The article states:
But I think any discussion of bus ridership in Chicago needs to include this chart, and take two things away from it.
1. First of all, declining bus ridership is not actually a “long-term” trend, though it’s often framed that way. (Or, to be more specific: decline is typical of the last 50 years, but not the last 10 or 20.) In fact, as recently as the mid-2000s, ridership was growing. And other than the deep recession years of 2009-2010, 2013-2014 represents the first multiyear ridership decline since the mid-1990s. This isn’t meant to wave the problem away: it actually makes it worse, since it suggests that far from experiencing a long, slow decline driven by structural factors, something specific has changed recently that’s made buses less attractive.
2. Secondly, service matters. I think it is probably not a coincidence that ridership growth in the 2000s came at a time when the CTA was adding service: reducing wait times between buses, expanding their hours, and introducing express routes. (Between 2002 and 2006, the CTA created ten “X” routes, which mostly followed existing bus lines, but stopped every half mile instead of every eighth. Almost all of them were discontinued in 2010 because of a budget shortfall.)
I think it is also probably not a coincidence that the CTA has had a difficult time recouping its bus ridership losses from the recession, given that its dramatic recession-era service cuts have mostly remained in place.
To be clear, this isn’t at all a slam on the CTA, which can’t raise significant revenue without raising fares. Moreover, it has launched some bus service improvements in the last few years – the Jeffery Jump, the “Loop Link” busway, and the proposed Ashland BRT – that make a good template for expansions into the rest of the system.
Service Matters. Why is it that everyone wants to reward a mass transit system where its users are unhappy with its performance by giving it yet another infusion of cash? Would it not be better to treat mass transit the way we do airplane companies? I do. But the problem is that unlike the airplane industry, mass transit is essentially working in a vacuum.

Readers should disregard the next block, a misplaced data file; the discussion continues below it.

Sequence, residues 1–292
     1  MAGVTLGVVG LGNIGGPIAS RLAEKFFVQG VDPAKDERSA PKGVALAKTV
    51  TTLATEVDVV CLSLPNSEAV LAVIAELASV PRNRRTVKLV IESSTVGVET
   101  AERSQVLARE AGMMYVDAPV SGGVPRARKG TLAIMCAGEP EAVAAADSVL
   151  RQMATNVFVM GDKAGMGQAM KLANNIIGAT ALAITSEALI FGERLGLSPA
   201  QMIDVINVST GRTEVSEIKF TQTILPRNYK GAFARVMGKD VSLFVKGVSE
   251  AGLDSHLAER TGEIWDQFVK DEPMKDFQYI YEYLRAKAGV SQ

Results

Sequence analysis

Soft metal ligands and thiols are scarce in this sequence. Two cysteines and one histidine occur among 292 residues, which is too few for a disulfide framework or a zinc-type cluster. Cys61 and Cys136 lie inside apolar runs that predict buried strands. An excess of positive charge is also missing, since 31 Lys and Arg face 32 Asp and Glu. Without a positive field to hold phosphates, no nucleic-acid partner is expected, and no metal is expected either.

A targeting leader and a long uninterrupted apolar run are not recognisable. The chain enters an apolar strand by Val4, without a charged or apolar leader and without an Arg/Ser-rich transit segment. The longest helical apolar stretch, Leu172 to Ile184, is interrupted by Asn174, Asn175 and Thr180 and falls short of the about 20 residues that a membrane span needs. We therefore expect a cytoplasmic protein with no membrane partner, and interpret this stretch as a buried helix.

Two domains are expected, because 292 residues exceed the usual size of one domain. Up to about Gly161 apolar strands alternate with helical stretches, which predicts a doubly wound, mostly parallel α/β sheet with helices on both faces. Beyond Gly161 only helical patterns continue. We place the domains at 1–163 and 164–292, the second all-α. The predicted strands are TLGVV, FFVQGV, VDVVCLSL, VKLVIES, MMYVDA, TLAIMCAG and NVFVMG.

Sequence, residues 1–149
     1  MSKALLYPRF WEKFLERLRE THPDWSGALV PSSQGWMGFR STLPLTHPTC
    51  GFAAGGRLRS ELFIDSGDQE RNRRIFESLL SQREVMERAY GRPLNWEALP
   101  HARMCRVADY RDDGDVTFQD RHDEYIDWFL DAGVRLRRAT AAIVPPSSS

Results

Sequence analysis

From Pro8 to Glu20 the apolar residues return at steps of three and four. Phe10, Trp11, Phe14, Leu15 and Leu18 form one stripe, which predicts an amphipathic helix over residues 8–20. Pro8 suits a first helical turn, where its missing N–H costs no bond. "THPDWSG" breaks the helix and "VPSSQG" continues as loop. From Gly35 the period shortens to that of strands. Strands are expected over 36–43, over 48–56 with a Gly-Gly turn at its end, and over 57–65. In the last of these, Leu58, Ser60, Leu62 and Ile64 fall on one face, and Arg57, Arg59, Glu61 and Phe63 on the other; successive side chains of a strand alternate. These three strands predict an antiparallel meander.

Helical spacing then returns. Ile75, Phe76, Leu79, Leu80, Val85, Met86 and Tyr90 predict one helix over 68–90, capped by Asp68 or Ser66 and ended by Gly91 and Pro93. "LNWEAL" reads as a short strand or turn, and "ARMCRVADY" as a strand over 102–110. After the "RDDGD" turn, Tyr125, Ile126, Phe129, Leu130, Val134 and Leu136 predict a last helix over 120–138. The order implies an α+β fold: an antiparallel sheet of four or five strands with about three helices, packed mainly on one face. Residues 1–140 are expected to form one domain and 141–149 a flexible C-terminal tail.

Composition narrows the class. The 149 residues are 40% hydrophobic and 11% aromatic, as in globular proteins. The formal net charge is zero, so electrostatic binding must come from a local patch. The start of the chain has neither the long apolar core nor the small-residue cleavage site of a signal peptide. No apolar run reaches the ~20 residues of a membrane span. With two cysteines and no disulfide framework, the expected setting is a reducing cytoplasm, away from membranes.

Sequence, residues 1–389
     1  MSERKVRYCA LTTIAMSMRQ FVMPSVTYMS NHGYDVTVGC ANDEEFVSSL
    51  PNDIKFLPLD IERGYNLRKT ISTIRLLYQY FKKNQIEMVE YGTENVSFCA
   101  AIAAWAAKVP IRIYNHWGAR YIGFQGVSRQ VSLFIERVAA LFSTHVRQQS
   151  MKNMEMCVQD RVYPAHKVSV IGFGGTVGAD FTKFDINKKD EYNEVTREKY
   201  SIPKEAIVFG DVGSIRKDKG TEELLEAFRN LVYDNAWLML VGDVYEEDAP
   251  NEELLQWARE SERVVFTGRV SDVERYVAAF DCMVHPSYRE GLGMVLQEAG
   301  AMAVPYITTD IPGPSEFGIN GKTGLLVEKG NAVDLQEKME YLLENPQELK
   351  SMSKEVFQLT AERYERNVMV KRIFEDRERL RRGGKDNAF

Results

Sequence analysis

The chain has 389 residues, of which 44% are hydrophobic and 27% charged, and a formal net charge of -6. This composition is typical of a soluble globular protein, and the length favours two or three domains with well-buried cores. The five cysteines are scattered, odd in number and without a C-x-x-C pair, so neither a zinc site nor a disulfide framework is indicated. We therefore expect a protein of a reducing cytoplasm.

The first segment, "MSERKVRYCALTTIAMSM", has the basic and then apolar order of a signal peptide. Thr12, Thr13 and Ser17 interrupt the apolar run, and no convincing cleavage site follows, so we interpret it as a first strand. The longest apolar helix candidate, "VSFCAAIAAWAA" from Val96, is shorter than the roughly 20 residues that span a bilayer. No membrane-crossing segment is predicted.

The bus system is actually competing with its rail segment. And losing. It would be ideal if there were actually two or more mass transit systems running in a city the size of Chicago. That way customers would have a choice. Each system would be able to see what works and what does not.
But instead we have this monolithic behemoth that plods along afraid to raise its fares because that might drive away customers, but needing the cash to keep itself going. This is business practice at its worst. And anyone trying to prop it up by complaining that the system is having its taxpayer dollars cut is being disingenuous.
What is wrong here is the way in which transportation has been allowed to be the plaything of politicians. When people want to get around town by cab they have choices. If they are using Divvy bikes they themselves get to decide how fast and along which routes they will operate.
But a large city like Chicago is trying to grab as much money as possible by creating new gimmicks like BRT. As I have said before running buses down the middle of the street was the way it was done when I was a child. The reason the practice is being revived is because it can generate new government monies. On paper it looks like something new.